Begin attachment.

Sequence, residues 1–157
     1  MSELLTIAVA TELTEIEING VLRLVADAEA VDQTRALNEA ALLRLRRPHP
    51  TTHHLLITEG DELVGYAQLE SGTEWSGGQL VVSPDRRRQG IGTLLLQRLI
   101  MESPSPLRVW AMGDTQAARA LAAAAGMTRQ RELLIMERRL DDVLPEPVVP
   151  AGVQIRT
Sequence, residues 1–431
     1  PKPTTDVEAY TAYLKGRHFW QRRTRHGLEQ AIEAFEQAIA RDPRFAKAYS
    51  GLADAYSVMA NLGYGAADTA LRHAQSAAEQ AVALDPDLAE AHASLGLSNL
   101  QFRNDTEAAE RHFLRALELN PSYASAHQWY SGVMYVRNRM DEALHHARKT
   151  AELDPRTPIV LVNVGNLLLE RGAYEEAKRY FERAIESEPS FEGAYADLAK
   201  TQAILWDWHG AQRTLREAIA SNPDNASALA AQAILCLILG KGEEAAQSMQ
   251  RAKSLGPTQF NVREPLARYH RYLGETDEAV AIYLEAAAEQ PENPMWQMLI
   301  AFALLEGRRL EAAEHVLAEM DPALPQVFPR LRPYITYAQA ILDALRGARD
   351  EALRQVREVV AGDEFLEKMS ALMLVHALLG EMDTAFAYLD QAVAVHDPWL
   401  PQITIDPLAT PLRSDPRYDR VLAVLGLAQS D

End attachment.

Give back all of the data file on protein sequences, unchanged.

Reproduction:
Sequence, residues 1–157
     1  MSELLTIAVA TELTEIEING VLRLVADAEA VDQTRALNEA ALLRLRRPHP
    51  TTHHLLITEG DELVGYAQLE SGTEWSGGQL VVSPDRRRQG IGTLLLQRLI
   101  MESPSPLRVW AMGDTQAARA LAAAAGMTRQ RELLIMERRL DDVLPEPVVP
   151  AGVQIRT
Sequence, residues 1–431
     1  PKPTTDVEAY TAYLKGRHFW QRRTRHGLEQ AIEAFEQAIA RDPRFAKAYS
    51  GLADAYSVMA NLGYGAADTA LRHAQSAAEQ AVALDPDLAE AHASLGLSNL
   101  QFRNDTEAAE RHFLRALELN PSYASAHQWY SGVMYVRNRM DEALHHARKT
   151  AELDPRTPIV LVNVGNLLLE RGAYEEAKRY FERAIESEPS FEGAYADLAK
   201  TQAILWDWHG AQRTLREAIA SNPDNASALA AQAILCLILG KGEEAAQSMQ
   251  RAKSLGPTQF NVREPLARYH RYLGETDEAV AIYLEAAAEQ PENPMWQMLI
   301  AFALLEGRRL EAAEHVLAEM DPALPQVFPR LRPYITYAQA ILDALRGARD
   351  EALRQVREVV AGDEFLEKMS ALMLVHALLG EMDTAFAYLD QAVAVHDPWL
   401  PQITIDPLAT PLRSDPRYDR VLAVLGLAQS D